The explosive use of mobile technologies by citizens and an increasingly mobile Federal workforce is driving the need for greater visibility and security in mobile environments. As a result, the government is looking to continuous diagnostic and mitigation solutions working in conjunction with mobile device management (MDM) solutions to give agencies better awareness into mobile application and devices.
The Department of Homeland Security’s program for Continuous Diagnostics and Mitigation (CDM) is constantly evolving to meet the cybersecurity needs of Federal agencies. As the CDM program moves to the next stage–Phase 3, which is called DEFEND and focuses on what is happening on an agency’s network and how it is protected–agencies will address emerging mobile security needs through DEFEND Request for Service task orders.
The CDM Program Office envisions that awardees will first ensure their MDM solutions meet or exceed CDM-compliant security benchmarks, according to Chris Jensen, Federal Business Development and Capture Manager with Tenable Networks, a provider of cybersecurity solutions to enterprises and government agencies.
“Once that is accomplished, DHS, through the CDM DEFEND Request for Service (RFS) process, will partner to integrate Federal agency mobile security solutions into the overall CDM scheme. The MDM data will eventually flow up to the CDM Agency Dashboard, providing a more complete picture of the agency’s security posture by including the ever-growing number of mobile devices,” Jensen recently wrote in a blog.
Mobile device management has evolved as people use laptops and smartphones to work, and their need to access information at any time, any place. Initially, MDM solutions focused mainly on devices rather than applications. MDM solutions are now evolving into enterprise mobility management (EMM), which consists of suites of policy and configuration management tools that perform core functions such as hardware and application inventory, operating system configuration management, mobile application deployment, updating, and removal, to name a few.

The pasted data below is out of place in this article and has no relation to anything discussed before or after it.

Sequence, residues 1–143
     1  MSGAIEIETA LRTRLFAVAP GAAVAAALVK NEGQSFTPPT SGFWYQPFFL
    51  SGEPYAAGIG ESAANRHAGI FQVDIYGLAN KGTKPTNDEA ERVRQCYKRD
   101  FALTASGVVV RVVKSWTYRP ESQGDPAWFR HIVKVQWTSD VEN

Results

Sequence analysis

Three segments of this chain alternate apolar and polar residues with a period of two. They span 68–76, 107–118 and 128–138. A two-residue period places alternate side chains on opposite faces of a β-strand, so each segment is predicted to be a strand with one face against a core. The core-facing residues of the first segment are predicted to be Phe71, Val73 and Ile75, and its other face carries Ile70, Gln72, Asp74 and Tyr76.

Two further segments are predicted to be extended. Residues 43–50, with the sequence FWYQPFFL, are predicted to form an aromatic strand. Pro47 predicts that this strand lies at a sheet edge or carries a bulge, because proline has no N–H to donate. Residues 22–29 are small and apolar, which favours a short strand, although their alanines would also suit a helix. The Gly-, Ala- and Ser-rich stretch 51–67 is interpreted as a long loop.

CDM tools keep agency information technology and cyber teams aware of network changes by giving them a view of what is on their network, who is on their network, and what is happening on their network. Agency-installed sensors are deployed and perform an ongoing, automated search for known cyber flaws. “Results from the sensors feed into an agency dashboard that produces customized reports that alert network managers to their most critical cyber risks. Summary information feeds into a Federal enterprise-level dashboard to inform and provide situational awareness into cybersecurity risk posture across the Federal government,” according to the DHS.
Mobile security is complicated because agencies handle their mobile environments differently. “Some agencies standardize on a single platform, while others offer different handset and connection options to meet the needs of their various component sub-agencies,” Tenable’s Jensen noted.
Jim Quinn, senior advisor to CDM who was previously the program’s lead engineer, outlined the challenges, at a recent ATARC event.
“Are they doing it as BYOD [bring your own device], are they doing it as COPE [corporate-owned, personally-enabled], are they doing it as government-controlled? Each one of those has a different security posture,” Quinn said. Plus, different connection paths back to the agency present different threat paths, he noted.
Will CDM impact the effectiveness of mobile security?
The overarching goal of the DHS CDM Program Office is to overcome security challenges of the Federal enterprise. Adding visibility to the hardware, software, configuration, and vulnerabilities of mobile assets will increase cybersecurity across the Federal spectrum. “The CDM PMO plans to accomplish this in a step-by-step, programmatic fashion,” according to Jensen.